Sophomore-Year Experience With a year of college under their belts, sophomores emerge with a whole new list of opportunities and challenges. The anxiety of encountering a new environment and people has eased. The sophomore's friends at college may begin to be more significant than his/her friends from high school, and returning to school in the fall may feel more like returning "home."
There are also some stressors that occur during the sophomore year. The phrase "sophomore slump" came about in the 1950s and refers to the decline of a student's excitement for college, and an overall sense of loss of the purpose of learning.
The special attention and support one received during the first year at college has stopped and has now been transferred to the new group of entering students.
The novelty, mystery and excitement associated with beginning college have faded.
Sophomores shift from meeting new people and attempting to fit in, to trying the more challenging task of sustaining friendships and advancing toward deeper, more intimate relationships.
Moving from a year of investigation and exploration of possible majors/careers to a second year of crystallization and finalization of these decisions
Change from personalized, first-year-focused staff advising to discipline-based/department-centered faculty advising
Combating the "Sophomore Slump"
Get involved in the campus: Join or start a student club, work as a TA for a professor, get a job on campus, join an intramural sports team, become a DJ for the radio station, write for the newspaper or yearbook, or participate in volunteer service, like En Christo or Habitat for Humanity.
Apply for leadership positions on campus. Student government, student life, the health center, the chapel, and multicultural student programs all have leadership opportunities for students, as do most academic departments, where students can become peer mentors, TAs and research assistants.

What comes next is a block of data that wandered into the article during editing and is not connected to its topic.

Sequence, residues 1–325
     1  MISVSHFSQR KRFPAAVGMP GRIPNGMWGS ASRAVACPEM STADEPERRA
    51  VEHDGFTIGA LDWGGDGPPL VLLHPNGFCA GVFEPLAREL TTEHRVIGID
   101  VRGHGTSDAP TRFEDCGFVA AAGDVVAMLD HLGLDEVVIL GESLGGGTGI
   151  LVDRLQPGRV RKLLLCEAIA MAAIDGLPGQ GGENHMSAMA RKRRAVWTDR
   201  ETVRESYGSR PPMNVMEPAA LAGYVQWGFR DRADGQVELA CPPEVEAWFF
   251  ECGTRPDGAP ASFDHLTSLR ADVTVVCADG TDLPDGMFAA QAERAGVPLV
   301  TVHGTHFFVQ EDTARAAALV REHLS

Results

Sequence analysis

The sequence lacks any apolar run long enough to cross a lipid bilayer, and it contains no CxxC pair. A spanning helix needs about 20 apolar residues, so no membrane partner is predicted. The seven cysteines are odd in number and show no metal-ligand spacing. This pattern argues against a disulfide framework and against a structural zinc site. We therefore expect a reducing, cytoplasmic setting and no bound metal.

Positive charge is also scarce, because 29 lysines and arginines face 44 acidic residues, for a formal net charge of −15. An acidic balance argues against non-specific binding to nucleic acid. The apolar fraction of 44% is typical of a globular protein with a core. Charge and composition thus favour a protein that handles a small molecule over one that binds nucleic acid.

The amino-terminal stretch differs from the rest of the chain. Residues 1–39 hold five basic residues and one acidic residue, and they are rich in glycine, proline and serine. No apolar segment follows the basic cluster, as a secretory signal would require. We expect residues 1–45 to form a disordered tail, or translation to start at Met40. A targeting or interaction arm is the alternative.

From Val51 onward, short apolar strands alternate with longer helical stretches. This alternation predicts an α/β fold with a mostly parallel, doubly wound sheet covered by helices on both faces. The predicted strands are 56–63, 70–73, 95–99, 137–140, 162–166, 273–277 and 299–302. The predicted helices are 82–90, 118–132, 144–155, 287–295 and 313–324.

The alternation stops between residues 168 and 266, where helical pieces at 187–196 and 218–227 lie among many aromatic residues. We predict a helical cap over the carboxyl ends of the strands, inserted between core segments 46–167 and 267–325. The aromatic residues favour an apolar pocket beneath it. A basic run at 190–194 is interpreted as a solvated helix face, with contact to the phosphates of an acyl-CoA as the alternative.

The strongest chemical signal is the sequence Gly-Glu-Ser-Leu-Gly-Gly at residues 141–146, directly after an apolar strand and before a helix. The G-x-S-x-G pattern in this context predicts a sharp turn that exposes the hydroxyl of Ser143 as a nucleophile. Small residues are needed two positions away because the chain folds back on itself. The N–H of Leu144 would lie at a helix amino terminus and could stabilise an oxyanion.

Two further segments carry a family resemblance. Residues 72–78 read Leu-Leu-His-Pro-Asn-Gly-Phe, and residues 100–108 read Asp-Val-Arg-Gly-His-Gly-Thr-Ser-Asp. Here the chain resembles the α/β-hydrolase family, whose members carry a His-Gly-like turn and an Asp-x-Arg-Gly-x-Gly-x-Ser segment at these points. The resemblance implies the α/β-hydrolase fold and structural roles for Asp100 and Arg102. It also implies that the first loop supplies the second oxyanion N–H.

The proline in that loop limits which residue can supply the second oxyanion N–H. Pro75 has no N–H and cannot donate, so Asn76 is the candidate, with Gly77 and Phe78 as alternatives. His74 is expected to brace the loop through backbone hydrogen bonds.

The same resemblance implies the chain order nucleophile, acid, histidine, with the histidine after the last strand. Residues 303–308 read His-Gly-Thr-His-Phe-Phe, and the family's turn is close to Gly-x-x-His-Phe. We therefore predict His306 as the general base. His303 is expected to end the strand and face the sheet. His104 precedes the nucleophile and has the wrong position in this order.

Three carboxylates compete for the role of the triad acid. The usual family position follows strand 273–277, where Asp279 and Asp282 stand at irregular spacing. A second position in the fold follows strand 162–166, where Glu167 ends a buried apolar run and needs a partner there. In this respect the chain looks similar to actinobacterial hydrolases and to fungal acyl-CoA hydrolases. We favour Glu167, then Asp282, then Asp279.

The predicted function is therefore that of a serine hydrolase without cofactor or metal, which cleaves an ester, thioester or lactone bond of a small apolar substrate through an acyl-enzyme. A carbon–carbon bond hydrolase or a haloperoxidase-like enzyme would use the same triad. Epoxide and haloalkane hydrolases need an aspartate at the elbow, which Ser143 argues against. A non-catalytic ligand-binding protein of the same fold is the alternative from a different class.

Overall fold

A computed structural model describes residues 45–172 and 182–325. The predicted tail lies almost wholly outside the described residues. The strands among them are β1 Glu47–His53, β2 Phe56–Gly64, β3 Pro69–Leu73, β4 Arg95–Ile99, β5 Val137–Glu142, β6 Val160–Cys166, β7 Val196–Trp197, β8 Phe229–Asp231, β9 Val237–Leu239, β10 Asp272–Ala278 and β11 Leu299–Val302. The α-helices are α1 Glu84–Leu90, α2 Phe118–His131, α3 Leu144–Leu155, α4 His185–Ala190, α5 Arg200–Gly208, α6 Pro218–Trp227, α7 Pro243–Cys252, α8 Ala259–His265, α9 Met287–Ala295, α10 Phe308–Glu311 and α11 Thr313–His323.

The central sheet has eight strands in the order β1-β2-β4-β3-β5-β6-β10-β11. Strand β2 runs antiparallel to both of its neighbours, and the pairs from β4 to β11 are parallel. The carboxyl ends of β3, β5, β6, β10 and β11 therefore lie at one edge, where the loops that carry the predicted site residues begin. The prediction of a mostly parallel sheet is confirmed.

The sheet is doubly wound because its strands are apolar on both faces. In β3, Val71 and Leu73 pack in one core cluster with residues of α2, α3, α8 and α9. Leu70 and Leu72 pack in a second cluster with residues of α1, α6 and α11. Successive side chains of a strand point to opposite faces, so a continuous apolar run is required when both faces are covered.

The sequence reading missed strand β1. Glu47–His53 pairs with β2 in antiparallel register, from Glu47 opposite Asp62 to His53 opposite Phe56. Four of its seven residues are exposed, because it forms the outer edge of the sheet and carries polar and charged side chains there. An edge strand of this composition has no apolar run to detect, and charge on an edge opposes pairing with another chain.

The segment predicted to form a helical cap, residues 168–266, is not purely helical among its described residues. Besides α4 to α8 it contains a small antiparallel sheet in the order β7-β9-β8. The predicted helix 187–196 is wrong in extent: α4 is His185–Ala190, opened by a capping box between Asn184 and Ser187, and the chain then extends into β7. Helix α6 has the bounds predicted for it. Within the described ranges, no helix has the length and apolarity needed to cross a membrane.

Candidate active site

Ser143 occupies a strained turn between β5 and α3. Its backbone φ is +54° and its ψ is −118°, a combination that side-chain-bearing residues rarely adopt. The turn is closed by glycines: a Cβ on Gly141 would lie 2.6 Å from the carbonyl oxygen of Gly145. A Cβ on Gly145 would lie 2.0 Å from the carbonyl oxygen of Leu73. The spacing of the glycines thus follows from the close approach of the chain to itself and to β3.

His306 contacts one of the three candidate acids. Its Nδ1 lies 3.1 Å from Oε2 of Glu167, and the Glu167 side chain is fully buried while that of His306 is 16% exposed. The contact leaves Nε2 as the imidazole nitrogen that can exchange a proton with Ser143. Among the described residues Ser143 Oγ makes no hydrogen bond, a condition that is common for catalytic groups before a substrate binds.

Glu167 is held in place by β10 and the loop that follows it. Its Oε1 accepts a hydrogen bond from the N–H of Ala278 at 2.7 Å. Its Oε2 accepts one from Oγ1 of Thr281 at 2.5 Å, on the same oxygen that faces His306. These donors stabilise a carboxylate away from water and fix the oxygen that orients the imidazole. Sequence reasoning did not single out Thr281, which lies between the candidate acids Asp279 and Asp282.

Go to the career center and learn more about options you have in selecting majors and careers. These choices often cause anxiety and stress, so consider taking a career assessment test in the career center that will help you to identify your skills, passions and interests. Also, take time to meet with your advisor or an academic department head to learn more about the options you have in various fields of study.
Attend the internship fair and the career center open house in the fall and also the job fair in the spring to start making connections to organizations with which you may want to work.
Junior-Year Experience The junior-year experience is one in which students begin to see the light at the end of the tunnel. They are solidly within their major, have completed a number of general-education requirements and are now beginning to go in-depth in their areas of study, which can be very stimulating. Smaller classes in the upper-division courses allow students to get to know their professors on a deeper level, which helps students who will need reference letters for jobs and grad schools.
The junior student has a much easier time finding a niche in the university community. Leadership positions abound for junior students in all areas of campus, and student organizations welcome more experienced students to be a part of clubs, trips and student media.
The pressure of graduating and finding a job is a year away, so the junior student should dig in, get involved in his/her major classes and enjoy all the extracurricular experiences s/he can while in the university environment.
Potential Adjustments, Challenges & Stressors
Transition from on-campus living and learning residential environment to independent off-campus houses or apartments
Learning to pay rent and utility bills and to buy and prepare meals, deal with landlords, etc.
Driving to campus and finding places to park!
Finding a mentor, and beginning to network with community professionals and alums in the student's chosen field of study and work
Finding an internship in the major field
Participating in a study–abroad program
Researching career options in the career center and beginning to develop a résumé.
Exploring graduate schools
Clarifying personal values, passions and interests
Learning about specifics of good relationships with friends, partners, parents, faculty, co-workers
Working with the academic advisor to solidify academic expectations for the major, to set up internships, and to insure that the student is on track to graduate on time